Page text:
Both Rima and Leila were born in Jaffa, Palestine, Farah’s hometown and place of birth. In addition, Farah’s father, Joseph Munayyer, a pharmacist, used to work with Rima’s uncle, Atallah Bordcosh, also a pharmacist who owned the largest pharmacy in downtown Jaffa during the 1930s. What a small world !!!
Thank you Rima for this generous contribution.
Foundation Acquire Additional Antique Garments
The Foundation has recently acquired a collection of Palestinian embroidered pillow cases dating back to the early twentieth century. These items were purchased in Palestine in the early 1970s by a British subject assigned to the United Nation’s Mission to Jerusalem. The pillows come from the regions of El Khalil, Masmiyyeh and Majdal.
Two Iraqiyeh Headdresses Added to Collection
Two Iraqiyeh headdresses from the El Khalil region were recently purchased and added to the Foundation’s collection. Both items were acquired through a dealer.
I got your website from a friend in the US. What you do is an extremely great job . This is one of the basic steps that Palestinians, as a people with such an impressive heritage must encourage. To make other nations familiar with our traditional costumes is a universal step that must be a strategy adopted by the Palestinian Authority. You have achieved in the interest of Palestinian culture what the PA and its cultural institutions have never ever regarded or paid any least attention to. To have my original heritage in one of the 50 States is a great honor for me as a Palestinian woman. God Bless You.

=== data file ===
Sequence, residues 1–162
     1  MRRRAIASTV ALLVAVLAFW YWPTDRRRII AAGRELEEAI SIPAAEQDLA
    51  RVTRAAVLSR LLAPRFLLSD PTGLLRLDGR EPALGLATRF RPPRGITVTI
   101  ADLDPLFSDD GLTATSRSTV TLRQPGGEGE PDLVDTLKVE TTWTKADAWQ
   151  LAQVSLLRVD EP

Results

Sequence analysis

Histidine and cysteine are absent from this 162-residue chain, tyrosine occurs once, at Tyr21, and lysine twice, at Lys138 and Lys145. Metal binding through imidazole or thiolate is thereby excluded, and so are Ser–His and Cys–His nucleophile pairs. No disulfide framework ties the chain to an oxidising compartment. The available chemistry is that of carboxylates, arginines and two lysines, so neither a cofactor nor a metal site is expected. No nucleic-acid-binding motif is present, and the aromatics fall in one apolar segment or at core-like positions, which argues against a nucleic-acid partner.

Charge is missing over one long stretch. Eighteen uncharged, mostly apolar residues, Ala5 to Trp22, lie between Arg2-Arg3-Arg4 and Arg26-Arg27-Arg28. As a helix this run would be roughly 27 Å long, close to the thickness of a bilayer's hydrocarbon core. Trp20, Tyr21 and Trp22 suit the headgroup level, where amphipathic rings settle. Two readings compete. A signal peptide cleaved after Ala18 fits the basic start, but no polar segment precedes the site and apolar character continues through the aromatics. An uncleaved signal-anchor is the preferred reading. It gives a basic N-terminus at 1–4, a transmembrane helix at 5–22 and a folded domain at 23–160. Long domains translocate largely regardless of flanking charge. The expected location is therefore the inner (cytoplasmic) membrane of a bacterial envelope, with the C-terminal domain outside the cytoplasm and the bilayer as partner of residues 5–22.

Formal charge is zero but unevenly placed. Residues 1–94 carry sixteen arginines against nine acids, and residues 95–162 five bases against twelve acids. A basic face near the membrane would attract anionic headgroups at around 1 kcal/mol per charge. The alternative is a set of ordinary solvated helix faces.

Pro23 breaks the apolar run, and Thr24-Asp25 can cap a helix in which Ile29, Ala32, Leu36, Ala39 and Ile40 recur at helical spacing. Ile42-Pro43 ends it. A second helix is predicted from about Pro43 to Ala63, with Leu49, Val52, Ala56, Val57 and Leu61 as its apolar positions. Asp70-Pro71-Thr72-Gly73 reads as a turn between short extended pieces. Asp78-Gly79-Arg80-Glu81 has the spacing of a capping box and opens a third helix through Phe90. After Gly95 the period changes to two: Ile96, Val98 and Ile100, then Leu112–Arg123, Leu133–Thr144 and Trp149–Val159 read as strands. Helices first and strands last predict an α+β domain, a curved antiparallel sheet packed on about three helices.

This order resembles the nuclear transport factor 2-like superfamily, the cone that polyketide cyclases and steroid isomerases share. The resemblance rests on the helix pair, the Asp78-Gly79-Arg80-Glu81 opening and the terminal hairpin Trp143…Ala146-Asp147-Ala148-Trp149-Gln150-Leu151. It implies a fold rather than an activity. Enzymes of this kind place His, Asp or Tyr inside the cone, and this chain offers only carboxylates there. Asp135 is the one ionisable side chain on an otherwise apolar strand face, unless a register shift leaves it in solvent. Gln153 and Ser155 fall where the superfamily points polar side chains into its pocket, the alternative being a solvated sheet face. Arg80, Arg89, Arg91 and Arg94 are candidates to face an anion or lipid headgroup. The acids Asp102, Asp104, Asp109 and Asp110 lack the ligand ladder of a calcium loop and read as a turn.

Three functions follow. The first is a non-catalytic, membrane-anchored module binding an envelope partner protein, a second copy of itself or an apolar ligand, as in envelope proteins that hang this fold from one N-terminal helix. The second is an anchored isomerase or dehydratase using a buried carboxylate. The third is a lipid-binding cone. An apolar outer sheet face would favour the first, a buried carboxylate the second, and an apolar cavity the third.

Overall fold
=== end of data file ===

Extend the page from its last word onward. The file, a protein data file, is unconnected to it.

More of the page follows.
Reem Wishah, Gaza, Palestine
Dear Hanan and Farah,
Again I have to say that it’s my pleasure to deal with you and thank you very much for your information about Palestinian costumes at the web site which is really impressive, and I am so proud that we have people like you who still work on it. Well done, it is really good work and I wish as a Palestinian I can do the same kind of work here in Doha to tell people what are the Palestinian costumes and how they are so beautiful and unique. For your information I am one of these ladies who is teaching our Palestinian Embroidery at Virginia Commonwealth University in Qatar part time in a community classes.
Wish you all the best,